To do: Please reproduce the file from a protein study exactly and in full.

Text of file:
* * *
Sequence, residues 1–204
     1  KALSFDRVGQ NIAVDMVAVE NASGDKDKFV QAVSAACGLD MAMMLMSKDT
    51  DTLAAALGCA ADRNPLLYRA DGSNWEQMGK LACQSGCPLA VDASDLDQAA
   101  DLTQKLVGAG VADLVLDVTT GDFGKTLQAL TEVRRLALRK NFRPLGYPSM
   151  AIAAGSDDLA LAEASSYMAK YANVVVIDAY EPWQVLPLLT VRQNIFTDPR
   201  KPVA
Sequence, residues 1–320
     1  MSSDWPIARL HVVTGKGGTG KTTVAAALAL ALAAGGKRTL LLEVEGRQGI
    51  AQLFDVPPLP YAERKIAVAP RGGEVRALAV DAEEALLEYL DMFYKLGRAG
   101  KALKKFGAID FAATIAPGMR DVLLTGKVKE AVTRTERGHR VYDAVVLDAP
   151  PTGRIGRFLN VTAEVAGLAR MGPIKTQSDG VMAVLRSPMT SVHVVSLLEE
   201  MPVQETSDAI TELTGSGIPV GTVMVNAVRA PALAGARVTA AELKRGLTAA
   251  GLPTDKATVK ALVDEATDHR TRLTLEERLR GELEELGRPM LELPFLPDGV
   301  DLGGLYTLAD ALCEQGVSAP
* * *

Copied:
Sequence, residues 1–204
     1  KALSFDRVGQ NIAVDMVAVE NASGDKDKFV QAVSAACGLD MAMMLMSKDT
    51  DTLAAALGCA ADRNPLLYRA DGSNWEQMGK LACQSGCPLA VDASDLDQAA
   101  DLTQKLVGAG VADLVLDVTT GDFGKTLQAL TEVRRLALRK NFRPLGYPSM
   151  AIAAGSDDLA LAEASSYMAK YANVVVIDAY EPWQVLPLLT VRQNIFTDPR
   201  KPVA
Sequence, residues 1–320
     1  MSSDWPIARL HVVTGKGGTG KTTVAAALAL ALAAGGKRTL LLEVEGRQGI
    51  AQLFDVPPLP YAERKIAVAP RGGEVRALAV DAEEALLEYL DMFYKLGRAG
   101  KALKKFGAID FAATIAPGMR DVLLTGKVKE AVTRTERGHR VYDAVVLDAP
   151  PTGRIGRFLN VTAEVAGLAR MGPIKTQSDG VMAVLRSPMT SVHVVSLLEE
   201  MPVQETSDAI TELTGSGIPV GTVMVNAVRA PALAGARVTA AELKRGLTAA
   251  GLPTDKATVK ALVDEATDHR TRLTLEERLR GELEELGRPM LELPFLPDGV
   301  DLGGLYTLAD ALCEQGVSAP